No sweat: Are sports drinks worth the money?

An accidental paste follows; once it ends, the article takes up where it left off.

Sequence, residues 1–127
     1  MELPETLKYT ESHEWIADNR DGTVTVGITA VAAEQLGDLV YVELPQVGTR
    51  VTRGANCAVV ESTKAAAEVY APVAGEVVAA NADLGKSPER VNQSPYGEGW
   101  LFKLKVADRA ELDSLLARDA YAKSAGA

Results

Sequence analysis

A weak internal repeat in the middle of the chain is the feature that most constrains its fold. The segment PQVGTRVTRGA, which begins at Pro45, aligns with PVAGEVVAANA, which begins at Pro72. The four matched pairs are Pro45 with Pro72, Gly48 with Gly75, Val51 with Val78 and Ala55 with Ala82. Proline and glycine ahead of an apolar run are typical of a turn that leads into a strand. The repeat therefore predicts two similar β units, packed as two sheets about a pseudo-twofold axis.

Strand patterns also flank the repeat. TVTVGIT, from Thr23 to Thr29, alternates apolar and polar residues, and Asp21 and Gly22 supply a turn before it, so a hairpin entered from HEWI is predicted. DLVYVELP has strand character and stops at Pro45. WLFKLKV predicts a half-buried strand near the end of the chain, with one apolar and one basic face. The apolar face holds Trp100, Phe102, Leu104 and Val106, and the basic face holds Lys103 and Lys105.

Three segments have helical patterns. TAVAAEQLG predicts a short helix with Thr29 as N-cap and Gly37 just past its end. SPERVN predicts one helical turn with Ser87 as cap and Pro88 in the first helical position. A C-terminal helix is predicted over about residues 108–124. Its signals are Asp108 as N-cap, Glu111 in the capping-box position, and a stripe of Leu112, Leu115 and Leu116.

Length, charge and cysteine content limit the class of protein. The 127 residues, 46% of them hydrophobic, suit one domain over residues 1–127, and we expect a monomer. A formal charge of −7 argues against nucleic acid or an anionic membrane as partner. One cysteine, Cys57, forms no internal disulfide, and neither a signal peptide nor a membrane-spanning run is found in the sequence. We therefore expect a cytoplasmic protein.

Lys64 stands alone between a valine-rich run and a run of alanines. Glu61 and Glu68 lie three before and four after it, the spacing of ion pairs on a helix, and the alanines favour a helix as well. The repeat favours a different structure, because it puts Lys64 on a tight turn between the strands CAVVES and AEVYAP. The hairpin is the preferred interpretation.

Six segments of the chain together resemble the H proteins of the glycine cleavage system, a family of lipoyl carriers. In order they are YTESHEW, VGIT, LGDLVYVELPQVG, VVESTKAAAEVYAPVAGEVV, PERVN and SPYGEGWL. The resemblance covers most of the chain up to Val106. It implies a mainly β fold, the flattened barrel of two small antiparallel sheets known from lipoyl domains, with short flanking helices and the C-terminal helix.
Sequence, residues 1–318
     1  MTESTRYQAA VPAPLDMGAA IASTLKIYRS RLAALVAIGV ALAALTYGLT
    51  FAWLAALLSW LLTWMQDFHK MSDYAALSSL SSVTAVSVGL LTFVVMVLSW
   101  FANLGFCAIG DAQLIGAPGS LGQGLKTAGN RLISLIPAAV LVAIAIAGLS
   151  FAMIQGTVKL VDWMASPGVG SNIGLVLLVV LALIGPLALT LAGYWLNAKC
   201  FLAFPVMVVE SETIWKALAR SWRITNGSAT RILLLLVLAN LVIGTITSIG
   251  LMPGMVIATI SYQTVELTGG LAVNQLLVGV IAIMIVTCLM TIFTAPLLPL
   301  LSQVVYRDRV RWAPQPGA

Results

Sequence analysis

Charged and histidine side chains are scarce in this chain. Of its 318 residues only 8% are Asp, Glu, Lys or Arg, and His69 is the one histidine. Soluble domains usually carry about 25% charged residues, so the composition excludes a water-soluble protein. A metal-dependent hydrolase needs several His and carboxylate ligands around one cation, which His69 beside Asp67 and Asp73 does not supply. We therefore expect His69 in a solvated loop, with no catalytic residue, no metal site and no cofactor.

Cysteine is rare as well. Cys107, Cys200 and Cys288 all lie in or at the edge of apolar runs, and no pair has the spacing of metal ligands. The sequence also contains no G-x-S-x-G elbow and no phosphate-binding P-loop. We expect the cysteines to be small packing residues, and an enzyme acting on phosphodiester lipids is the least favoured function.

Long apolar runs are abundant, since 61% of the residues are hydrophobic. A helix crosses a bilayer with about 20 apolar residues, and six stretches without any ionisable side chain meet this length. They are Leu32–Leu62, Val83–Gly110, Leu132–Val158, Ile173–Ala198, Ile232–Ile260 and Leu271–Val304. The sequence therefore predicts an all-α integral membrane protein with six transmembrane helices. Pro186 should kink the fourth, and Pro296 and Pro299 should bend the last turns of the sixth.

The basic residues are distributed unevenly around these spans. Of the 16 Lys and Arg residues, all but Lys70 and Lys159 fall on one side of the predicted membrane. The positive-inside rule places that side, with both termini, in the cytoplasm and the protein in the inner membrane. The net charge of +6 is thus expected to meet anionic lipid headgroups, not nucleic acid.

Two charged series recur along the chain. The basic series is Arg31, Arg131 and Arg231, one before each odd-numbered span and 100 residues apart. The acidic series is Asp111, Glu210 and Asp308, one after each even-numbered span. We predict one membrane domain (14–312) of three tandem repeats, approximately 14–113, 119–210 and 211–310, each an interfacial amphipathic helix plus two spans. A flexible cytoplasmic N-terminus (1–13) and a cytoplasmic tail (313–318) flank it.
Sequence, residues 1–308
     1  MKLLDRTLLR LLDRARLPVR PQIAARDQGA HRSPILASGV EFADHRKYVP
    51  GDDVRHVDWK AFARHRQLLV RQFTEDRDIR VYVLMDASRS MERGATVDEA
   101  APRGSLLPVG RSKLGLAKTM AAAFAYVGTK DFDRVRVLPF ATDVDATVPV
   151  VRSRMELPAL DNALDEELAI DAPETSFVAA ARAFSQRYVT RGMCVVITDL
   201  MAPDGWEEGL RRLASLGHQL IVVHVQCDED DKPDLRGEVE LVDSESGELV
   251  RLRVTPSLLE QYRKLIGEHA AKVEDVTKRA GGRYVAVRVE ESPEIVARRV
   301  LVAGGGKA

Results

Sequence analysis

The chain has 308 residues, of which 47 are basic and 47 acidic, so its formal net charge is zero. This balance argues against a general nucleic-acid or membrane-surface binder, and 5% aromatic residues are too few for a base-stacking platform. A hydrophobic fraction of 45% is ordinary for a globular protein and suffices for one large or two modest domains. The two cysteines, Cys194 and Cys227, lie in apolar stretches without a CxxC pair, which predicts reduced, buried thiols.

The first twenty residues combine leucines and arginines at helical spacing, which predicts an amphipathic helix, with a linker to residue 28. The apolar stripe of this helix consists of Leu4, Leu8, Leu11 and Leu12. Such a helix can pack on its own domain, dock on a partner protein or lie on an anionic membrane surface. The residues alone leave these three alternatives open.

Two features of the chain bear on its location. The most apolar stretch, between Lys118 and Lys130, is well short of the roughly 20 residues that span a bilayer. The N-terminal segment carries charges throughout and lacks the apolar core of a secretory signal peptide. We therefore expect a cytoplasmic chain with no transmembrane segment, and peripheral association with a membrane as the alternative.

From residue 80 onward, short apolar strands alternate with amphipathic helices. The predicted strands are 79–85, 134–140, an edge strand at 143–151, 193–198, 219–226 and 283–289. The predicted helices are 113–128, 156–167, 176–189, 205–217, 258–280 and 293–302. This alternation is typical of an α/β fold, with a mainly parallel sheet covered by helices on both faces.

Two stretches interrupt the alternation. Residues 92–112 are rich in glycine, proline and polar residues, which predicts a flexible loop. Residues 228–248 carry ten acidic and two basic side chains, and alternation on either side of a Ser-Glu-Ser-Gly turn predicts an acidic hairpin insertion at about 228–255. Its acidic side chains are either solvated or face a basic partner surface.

Shaun Daley / Alamy By James Witts It’s hydrating, packed full of sugars and contains electrolytes vital for cell function. Which is why, until the mid-20th century, beer was considered the sports drink of choice – especially as it was safer to drink than tap water. Today, sports drinks have taken on a very different flavour. And if you believe the advertising, working out without one will lead to dehydration, impaired performance and a deep sense of self-loathing. But should we believe the hype or are the ads peddling more spin than the Tour de France? One of the big claims for sports drinks is that they are rich in minerals like sodium and potassium that dissolve in bodily fluids to create charged ions vital for cell function, while also replacing fluids lost through exercise. On the face of it this makes sense. When you sweat, you lose water from blood plasma. This causes a drop in blood volume, meaning your heart has to work harder to deliver much-needed oxygen to muscles. How big a problem is this? When exercising, an average person sweats between 0.8 and 1.4 litres per hour. The International Olympic Committee reviewed the studies and concluded that performance is likely to be impaired by dehydration if someone loses 2 per cent of their body weight or more through sweating – 1.5 litres for someone weighing 75 kilograms. So do you need to drink?